It is noteworthy that, since Dr Luncheon’s letter of 2003 March 21 confirmed that the President had enhanced his team for the preparation of the Agenda for the meeting with the Leader of the PNCR, Mr E. Lance Carberry, by letter of 2003 March 24, responded to Mr Reepu Daman Persaud’s letter of 2003 March 14. This letter was copied to Ministers Jeffrey and Texiera as well as Dr Luncheon. However, it was only yesterday, Wednesday 2003 April 2, that a response was received from President Jagdeo’s team! Rather than commit their resources to accelerating the preparations for the Jagdeo-Corbin meeting, the Administration has unnecessarily resorted to high-handed, confrontational and provocative manoeuvres. Is this another of their notorious diversionary tactics?

The Opposition Chief Whip met with the Speaker of the National Assembly and the Minister of Parliamentary Affairs on Friday 2003 March 21 and no mention was made of the intention to convene a meeting of the Committee of Selection. However, the normal procedure in cases of urgency is for the Minister of Parliamentary Affairs to call the Chief Whip and inform him of the desire to hold such a meeting. In such a case, consultation would result in the meeting being held on a mutually convenient day. In this case, a Notice for a meeting of the Committee of Selection was sent to the Opposition Chief Whip on the night of Tuesday 2003 March 25 for the meeting on Thursday 2003 March 27 at 11:30hrs, the well known time of the PNCR’s weekly Press Conference.

PNCR, Chief Whip was still courteous enough to respond by letter to the Speaker, dated 2003 March 26, requesting that the meeting be postponed to give the PNCR time to, among other things, replace Mr. Robert Corbin as a member by virtue of his having been elected Leader of the PNCR. The PPP/C nevertheless arrogantly and arbitrarily insisted on going ahead with that meeting with the obvious intention to present the PNCR with a fiat accompli.

There could have been no doubt about the intentions of the PNCR. In the said letter Mr. Carberry stated,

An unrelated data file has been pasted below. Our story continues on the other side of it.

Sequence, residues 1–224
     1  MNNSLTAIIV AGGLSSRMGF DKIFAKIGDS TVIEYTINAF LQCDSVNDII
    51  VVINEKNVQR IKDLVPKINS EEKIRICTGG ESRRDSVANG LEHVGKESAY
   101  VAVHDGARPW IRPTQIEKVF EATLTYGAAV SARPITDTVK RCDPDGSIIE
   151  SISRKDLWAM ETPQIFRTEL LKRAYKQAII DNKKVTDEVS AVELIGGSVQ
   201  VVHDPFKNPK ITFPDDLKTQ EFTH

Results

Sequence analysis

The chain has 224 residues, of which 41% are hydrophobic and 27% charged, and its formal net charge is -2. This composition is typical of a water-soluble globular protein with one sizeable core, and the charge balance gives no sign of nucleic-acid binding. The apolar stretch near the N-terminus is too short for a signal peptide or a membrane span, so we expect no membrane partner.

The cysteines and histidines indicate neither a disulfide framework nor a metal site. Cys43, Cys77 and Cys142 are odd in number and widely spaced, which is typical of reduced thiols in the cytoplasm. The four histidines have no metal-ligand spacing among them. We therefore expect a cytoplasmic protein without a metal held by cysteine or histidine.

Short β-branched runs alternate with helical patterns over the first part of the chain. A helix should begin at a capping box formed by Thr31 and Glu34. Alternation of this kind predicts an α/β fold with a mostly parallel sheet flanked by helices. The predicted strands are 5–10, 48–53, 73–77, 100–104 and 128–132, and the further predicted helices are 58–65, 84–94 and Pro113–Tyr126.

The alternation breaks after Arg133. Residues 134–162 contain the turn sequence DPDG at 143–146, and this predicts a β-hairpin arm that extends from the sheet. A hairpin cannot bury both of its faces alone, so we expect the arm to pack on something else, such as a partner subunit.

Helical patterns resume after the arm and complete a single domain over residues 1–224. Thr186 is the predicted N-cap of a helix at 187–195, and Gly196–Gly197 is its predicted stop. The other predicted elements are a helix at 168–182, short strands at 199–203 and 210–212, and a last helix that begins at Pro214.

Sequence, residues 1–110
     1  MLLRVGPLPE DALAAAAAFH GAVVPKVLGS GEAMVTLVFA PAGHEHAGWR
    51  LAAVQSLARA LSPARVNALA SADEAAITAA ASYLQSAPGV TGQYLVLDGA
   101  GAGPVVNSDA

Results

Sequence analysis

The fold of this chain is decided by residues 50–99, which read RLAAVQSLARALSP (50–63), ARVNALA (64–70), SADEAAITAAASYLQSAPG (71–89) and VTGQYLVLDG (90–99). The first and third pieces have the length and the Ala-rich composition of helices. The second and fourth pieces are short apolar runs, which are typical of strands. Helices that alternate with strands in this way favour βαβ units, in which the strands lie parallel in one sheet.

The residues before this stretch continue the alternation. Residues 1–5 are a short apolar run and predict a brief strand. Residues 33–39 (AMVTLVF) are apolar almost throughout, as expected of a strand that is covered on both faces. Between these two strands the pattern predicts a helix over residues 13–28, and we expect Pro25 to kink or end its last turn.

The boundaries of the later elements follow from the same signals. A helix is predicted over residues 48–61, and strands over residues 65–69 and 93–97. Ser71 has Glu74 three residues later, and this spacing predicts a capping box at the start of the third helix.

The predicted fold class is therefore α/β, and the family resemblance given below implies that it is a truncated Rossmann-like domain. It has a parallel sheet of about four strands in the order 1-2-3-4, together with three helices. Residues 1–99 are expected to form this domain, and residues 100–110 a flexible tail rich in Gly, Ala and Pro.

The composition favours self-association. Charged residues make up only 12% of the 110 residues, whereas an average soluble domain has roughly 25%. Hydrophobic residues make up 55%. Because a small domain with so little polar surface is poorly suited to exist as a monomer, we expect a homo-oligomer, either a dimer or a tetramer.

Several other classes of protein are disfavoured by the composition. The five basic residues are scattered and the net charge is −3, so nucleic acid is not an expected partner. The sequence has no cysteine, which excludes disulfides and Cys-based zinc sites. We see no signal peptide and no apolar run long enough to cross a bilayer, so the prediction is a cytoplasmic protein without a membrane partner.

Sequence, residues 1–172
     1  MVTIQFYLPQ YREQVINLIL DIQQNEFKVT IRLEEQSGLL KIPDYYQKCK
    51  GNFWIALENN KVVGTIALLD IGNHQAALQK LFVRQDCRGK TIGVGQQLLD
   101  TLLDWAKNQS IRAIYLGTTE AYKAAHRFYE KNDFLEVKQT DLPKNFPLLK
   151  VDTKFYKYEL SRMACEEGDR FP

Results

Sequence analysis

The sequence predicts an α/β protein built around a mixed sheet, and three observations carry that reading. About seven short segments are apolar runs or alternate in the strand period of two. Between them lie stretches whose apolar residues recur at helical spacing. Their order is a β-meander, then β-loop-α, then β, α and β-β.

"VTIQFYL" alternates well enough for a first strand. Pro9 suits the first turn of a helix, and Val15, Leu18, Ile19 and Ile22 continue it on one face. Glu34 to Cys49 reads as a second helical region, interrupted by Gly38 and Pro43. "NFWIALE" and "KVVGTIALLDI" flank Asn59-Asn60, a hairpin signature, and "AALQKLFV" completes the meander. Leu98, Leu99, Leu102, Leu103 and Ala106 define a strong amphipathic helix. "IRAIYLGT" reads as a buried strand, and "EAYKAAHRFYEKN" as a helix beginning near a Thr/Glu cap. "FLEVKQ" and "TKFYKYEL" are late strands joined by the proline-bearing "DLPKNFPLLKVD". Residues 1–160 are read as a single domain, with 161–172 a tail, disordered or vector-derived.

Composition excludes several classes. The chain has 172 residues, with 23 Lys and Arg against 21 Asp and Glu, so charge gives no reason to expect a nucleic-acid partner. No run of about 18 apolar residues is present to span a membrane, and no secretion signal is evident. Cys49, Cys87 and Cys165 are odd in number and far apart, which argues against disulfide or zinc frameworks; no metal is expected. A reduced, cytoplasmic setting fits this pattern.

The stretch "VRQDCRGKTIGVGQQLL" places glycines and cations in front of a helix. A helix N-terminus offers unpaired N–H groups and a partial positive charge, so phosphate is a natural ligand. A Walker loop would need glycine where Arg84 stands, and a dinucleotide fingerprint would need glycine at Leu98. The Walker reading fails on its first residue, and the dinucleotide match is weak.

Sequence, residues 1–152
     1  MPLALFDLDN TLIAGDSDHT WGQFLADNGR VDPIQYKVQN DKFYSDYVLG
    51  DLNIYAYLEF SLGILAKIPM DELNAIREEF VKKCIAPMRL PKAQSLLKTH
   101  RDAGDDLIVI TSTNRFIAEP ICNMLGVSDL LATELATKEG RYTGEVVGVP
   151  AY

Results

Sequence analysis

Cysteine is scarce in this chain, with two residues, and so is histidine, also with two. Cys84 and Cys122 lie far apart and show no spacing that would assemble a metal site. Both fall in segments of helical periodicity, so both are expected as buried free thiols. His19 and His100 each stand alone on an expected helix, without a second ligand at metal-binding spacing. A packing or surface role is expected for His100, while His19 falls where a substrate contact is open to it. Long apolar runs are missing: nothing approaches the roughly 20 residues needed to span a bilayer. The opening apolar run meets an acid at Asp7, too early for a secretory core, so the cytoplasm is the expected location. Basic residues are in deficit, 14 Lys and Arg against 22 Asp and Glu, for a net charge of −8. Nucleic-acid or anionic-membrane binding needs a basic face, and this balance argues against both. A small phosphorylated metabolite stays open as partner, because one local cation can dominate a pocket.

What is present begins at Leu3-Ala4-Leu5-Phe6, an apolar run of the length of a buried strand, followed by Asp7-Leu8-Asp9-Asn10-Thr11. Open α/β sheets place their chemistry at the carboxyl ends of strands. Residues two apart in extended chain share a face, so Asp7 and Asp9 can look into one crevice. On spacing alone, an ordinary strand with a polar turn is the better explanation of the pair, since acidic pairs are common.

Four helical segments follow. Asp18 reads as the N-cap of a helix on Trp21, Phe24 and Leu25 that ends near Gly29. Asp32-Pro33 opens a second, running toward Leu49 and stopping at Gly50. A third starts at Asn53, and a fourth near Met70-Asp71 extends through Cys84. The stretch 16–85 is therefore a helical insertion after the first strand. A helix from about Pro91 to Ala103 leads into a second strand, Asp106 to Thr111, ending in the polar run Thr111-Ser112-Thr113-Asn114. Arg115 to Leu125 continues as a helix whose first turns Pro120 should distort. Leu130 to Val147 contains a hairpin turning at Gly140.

“In addition, we assumed, perhaps mistakenly, that the strengthening and the expansion of the President’s representatives for the preparation of the agenda for the proposed Jagdeo-Corbin talks was an indication that rapid progress will be made for the resolution of all Parliamentary and Constitutional issues, including the appointment of all the constitutionally mandated Standing Committees, the Rights Commissions and the Public Procurement Commission.”

“You should be aware that the resolution of these matters, particularly the removal of all obstacles preventing the early constitution of the Service Commissions, is of highest priority for the PNCR. I am, therefore, very surprised that, at a time when it appeared that matters were advancing to resolve the Parliamentary impasse, that the appointment of only some of the Constitution Commissions appear to be singled out to be proceeded with separately and in an ill prepared and hasty manner.”

The intentions of the PNCR are clear and it should be obvious that we will not sit idly and allow the Government to manipulate Constitutional Bodies for partisan political objectives. We will therefore take the necessary action to foil their plans.

THE 2003 NATIONAL BUDGET:

The general context in which the 2003 Budget is cast suggests an utter lack of recognition and or understanding of the critical condition of the economy.

Part of the theme of the budget is "Staying On Course For A Prosperous Guyana." This is followed up by a statement, on page2 of the budget speech, to the effect that the government is fortified in the knowledge that it is doing what is right for the people of this country. By the Government's own admission in the budget speech the following occurred in 2002:


 Rice production declined by 10.7%
 The mining and quarrying sector declined by 6.9% and within that sector for the second successive year bauxite production contracted by 18.9%
 Engineering and construction declined by 4% Due in part to the general inactivity of the private sector.
 While sugar production increased in 2002 the more relevant fact is the G$2.0Bn loss which the industry aggregated in 2000 and 2001, although the sugar levy was completely waived. The issue, therefore, is not production but the profitability of the industry.

The sombre projections for 2003 are as follows:

 Mining and quarrying sector is projected to fall by a further 7.1%. This would mean a cumulative fall in production over the two years of 14%.
 Rice is projected to recover by 3% which effectively means that production in 2003 is projected to be some 7.7% lower than in than in 2001.
 While sugar production is projected to increase by 2.9% in 2003 the question of the industry's profitability continues to loom large.
 The balance of payments Current Account deficit is expected to worsen from US$106.7Mn in 2002 to US$154.3Mn in 2003 and the overall deficit is expected to worsen from US$25Mn in 2002 to US$64m in 2003. The deficit would more than double.

The most obvious manifestation of the crisis is the fact that the average rate of growth of the economy over the four year period 2000 to 2003 (assuming that the projection for next year is not overstated as was the case for 2002) would be 1.1%. This is the essential basis on which the government is fortified in the knowledge that it is doing what is right for the people of this country and that is the course on which the government wants to stay for a prosperous Guyana!